There are a lot of things that remind us that we are entering into the Fall season. Starbucks releases the Pumpkin Spice Lattes, everyone starts posting pictures on Instagram in the woods, at an apple orchard, or pumpkin patch, scary movies start playing on TV, and the holidays are right around the corner!
In addition to that, it's group benefit enrollment season! That's what everyone really gets excited about, right?
I figured; however, the decisions you make during open enrollment can have massive consequences (good or bad) on your finances. So this year, instead of just checking the boxes to "get it done", let's take the time to review how your benefits actually work.
First, health insurance.
- How many different options do you have?
- How often do you go to the doctor?
- Are you planning to have a child next year?
- What are the monthly premiums for each plan?
- What is the deductible and out-of-pocket maximum for each option?
- Do you have a high deductible health plan that gives you access to a health savings account?
- Does your company make contributions to a health savings account for you (free money like a 401(k) match)?
Answering these questions about your health insurance options will start to give a clear picture on where you can recapture dollars that may have otherwise been lost. Be strategic.
Next, disability insurance.
This may be one of the most important insurance items of all that are offered. It protects your paycheck and provides income in the event you get sick or hurt. Until you have significant assets on your balance sheet that can reproduce your income, owning disability insurance is a must because if something happens that takes you out of work, you face a systematic liquidation of all of your assets until you get back to work. It can lead to financial failure faster than anything else in life.
- Who pays for the disability insurance premium?
- If it's you, do you pay with before- or after-tax dollars?
- What is their definition of "total disability"?
- Most employer plans pay you for 12 or 24 months if you can't do your job, then stop paying you if they can prove you can do "any other occupation". If you answer their phone call, do they now have proof you can be a telemarketer?
- How long do they pay for claims of stress, anxiety, depression, sleep disorder, etc?
- How much of your income is protected, and is the benefit then taxable to you when you receive it?
- Will they pay benefits if you are only partially out of work?
We are talking about the difference of potentially hundreds of thousands, or even millions, of dollars on or off your balance sheet in the event something happens that prevents you from working at your full potential. There are simple ways that we can fix this, let's schedule a time to talk more.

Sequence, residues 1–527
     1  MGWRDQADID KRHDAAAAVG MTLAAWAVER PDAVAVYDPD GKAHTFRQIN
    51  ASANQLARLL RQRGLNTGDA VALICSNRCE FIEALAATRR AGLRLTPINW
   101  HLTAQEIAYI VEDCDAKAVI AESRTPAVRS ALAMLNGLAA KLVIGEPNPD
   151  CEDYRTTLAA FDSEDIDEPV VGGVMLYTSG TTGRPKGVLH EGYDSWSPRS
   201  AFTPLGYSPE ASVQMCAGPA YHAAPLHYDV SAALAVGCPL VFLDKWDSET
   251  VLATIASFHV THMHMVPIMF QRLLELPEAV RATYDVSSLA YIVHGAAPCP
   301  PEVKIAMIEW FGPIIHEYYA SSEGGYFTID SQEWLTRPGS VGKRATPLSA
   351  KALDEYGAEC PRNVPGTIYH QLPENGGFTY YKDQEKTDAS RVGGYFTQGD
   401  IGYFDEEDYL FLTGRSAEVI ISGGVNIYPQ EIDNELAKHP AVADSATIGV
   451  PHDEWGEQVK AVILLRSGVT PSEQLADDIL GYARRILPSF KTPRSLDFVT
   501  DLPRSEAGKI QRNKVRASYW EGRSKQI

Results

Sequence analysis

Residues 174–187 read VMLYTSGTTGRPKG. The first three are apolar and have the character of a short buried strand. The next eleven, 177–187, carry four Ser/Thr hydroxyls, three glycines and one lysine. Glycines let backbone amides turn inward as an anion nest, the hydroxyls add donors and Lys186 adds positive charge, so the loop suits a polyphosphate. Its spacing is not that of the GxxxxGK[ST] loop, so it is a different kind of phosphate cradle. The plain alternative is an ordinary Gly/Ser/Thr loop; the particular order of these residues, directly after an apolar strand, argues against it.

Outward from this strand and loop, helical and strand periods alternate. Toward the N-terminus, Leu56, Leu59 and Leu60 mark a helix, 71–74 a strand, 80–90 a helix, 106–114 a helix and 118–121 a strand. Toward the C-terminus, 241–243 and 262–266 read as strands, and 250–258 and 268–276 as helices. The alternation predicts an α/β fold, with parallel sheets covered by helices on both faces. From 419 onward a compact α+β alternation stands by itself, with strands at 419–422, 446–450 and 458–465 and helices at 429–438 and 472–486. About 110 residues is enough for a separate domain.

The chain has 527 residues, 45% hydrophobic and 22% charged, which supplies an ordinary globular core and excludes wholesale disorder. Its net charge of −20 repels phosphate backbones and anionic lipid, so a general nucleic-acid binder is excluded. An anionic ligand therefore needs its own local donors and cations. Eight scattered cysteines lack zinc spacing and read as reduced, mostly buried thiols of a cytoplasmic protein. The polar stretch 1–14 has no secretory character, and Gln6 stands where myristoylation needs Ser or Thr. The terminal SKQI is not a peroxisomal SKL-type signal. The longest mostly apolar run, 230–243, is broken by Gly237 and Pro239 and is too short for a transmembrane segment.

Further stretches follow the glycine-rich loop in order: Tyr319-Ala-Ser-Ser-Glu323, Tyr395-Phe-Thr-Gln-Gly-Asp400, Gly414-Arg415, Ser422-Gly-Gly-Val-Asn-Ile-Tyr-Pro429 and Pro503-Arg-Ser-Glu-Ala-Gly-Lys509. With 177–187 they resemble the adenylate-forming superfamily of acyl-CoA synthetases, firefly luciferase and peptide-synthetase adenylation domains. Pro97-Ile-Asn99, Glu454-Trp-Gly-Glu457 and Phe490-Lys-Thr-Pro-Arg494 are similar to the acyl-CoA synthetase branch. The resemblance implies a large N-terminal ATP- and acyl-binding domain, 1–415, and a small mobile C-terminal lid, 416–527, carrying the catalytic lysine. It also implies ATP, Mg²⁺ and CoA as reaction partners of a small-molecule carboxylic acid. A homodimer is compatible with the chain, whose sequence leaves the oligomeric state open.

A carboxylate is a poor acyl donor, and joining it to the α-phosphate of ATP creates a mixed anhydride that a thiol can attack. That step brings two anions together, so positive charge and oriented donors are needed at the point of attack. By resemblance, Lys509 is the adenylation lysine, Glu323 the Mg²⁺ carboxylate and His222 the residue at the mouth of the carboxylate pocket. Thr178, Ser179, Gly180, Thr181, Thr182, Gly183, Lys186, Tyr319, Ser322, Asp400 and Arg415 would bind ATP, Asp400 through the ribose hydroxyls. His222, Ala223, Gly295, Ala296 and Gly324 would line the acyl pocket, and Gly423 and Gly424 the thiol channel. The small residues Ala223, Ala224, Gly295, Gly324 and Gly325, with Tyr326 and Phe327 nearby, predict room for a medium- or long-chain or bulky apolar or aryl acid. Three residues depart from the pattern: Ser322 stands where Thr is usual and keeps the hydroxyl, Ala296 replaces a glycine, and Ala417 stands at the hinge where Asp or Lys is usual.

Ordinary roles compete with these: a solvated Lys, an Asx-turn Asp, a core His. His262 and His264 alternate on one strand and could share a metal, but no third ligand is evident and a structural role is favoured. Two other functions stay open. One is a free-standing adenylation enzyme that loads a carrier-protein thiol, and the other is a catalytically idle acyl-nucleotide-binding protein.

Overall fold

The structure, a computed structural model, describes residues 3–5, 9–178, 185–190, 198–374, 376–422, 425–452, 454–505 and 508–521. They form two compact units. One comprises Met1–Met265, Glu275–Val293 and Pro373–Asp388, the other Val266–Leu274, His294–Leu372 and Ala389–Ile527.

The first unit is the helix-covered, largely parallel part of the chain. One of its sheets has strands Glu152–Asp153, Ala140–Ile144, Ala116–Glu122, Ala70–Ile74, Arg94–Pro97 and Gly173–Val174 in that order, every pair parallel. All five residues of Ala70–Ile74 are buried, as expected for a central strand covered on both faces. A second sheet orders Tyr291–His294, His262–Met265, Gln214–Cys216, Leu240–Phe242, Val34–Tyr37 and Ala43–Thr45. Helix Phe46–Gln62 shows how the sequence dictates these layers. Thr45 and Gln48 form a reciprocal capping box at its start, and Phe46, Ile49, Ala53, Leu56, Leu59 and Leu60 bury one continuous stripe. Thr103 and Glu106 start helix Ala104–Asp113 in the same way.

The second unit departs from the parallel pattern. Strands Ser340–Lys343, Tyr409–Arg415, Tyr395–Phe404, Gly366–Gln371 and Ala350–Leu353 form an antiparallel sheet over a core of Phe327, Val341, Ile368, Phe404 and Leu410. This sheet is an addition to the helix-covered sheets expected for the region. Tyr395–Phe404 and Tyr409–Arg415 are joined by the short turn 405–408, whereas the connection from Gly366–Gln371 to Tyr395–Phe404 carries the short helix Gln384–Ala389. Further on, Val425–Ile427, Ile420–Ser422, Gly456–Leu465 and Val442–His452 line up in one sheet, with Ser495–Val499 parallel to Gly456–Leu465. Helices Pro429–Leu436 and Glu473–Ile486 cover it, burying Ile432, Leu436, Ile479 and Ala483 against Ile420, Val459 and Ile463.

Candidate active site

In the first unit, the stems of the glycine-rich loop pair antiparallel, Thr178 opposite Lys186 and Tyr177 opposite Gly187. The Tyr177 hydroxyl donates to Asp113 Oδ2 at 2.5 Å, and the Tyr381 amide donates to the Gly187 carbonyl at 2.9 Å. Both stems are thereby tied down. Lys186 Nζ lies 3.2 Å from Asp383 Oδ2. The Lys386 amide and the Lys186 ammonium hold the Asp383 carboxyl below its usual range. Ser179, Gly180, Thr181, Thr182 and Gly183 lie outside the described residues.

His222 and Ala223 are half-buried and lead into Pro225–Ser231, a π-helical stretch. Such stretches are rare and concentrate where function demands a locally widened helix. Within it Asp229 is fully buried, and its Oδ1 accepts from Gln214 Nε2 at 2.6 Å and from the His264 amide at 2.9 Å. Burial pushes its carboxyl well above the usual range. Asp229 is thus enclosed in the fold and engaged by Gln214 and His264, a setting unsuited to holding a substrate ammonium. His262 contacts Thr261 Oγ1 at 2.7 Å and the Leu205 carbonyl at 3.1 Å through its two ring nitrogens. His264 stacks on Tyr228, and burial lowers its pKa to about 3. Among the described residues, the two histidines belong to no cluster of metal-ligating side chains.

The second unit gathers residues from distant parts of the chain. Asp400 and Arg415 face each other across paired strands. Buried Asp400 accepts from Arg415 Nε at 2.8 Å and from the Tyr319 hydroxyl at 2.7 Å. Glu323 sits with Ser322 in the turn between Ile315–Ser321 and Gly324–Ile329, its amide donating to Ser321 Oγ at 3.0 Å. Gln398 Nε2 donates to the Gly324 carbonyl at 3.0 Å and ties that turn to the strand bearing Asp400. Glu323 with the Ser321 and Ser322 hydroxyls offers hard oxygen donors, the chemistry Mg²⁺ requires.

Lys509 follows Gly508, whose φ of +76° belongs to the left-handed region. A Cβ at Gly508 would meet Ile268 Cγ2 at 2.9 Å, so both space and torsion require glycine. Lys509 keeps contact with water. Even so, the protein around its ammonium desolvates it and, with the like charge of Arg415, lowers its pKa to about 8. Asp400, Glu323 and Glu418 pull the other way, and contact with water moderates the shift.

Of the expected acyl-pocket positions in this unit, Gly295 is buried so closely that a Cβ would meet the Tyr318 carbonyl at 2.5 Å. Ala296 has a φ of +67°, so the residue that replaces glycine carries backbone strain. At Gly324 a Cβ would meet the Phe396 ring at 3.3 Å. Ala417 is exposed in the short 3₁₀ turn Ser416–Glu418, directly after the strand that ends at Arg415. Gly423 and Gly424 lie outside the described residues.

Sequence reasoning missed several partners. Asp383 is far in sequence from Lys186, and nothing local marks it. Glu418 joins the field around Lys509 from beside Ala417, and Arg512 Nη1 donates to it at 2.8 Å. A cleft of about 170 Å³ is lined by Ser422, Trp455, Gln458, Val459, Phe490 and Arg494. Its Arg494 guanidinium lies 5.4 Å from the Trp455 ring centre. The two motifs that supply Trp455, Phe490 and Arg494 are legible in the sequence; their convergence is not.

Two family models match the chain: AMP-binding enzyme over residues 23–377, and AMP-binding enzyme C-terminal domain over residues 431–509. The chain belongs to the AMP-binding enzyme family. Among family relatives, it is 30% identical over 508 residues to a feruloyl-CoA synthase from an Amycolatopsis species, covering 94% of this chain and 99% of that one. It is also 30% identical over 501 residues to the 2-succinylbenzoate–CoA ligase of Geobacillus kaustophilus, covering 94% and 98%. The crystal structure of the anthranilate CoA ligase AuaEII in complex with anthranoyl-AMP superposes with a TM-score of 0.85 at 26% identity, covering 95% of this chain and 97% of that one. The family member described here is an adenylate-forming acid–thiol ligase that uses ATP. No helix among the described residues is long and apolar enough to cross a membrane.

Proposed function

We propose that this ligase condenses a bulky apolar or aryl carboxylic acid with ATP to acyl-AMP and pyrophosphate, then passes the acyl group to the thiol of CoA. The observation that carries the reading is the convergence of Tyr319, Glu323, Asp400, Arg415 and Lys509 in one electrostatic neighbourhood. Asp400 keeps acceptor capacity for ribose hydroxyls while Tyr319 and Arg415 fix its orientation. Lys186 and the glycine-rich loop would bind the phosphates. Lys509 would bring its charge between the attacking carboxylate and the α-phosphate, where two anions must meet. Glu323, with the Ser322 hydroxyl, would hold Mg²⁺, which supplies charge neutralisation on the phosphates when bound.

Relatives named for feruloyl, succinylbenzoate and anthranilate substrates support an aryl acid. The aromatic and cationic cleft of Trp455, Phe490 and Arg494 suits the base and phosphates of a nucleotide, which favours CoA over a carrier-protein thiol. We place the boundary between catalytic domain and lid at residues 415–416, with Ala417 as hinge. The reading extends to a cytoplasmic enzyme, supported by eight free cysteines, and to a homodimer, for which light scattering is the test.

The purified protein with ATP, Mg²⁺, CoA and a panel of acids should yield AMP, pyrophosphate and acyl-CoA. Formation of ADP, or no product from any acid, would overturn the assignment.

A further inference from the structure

Next, life insurance.
- How much can you get?
- How often do they increase the price?
- Usually in 5 year increments
- Can you take it with you if you change jobs?
- What would you want life to look like for your family if something happens? What amount is appropriate based on like today and in the coming years?
- What if you can get something outside of work that is cheaper over time?
Life insurance has a lot less moving parts than health and disability insurance. There's a lot of "gray" areas in the former two benefits.
Lastly, retirement options.
- Do you get a pension, profit-share, 401(k), 403(b), 457(a)?
- Do they offer a roth portion? What's the difference between roth and pre-tax?
- How much is the company match? Is that dollar for dollar?
- Is it better to pay off high interest debt first and contribute up to the match, for now?
- Should you start maxing out the plan?
- What are the investment options they provide?
- Should you do a target date fund or allocate the dollars yourself?
- If you allocate dollars yourself, how much equity vs bonds should you have? US vs International? Large-cap vs mid-cap vs small-cap? Growth vs value?
This is your future we are talking about. The money that you are hoping to build in order to provide an income stream in retirement. Don't leave that up to "chance". Remember, what has done well the last few years might not continue to do well in the future. There is enough data out there now that can help you craft a very strategic portfolio, depending on the options that your company provides.
Now there are plenty of other benefits provided through work as well, like Paid-Time-Off, Dental, Vision, Accidental Death & Dismemberment, Critical Illness, Accident Insurance, etc.
Just because they offer a benefit and just because it may be cheap today, doesn't mean you have to enroll. There are a lot of good things to have through work, but there are some items you should consider getting outside of work.
The insurance that is provided through work should be supplementing your individual coverage. Individual coverage follows you no matter your job, and covers you specifically, not a blanket plan that is trying to cover 100 or 10,000 employees. Blanket plans have a lot of loopholes that you may soon realize if you find the answers to the questions above.
Now if you're like most people and don't have the time or bandwidth to dive into all of those items, send me an email at email@example.com or book a meeting here and I would love the opportunity to help.
All of my initial meetings are complimentary in the hopes I can provide a ton of value, you enjoy the conversations, and we can continue them from there.
I hope to speak soon!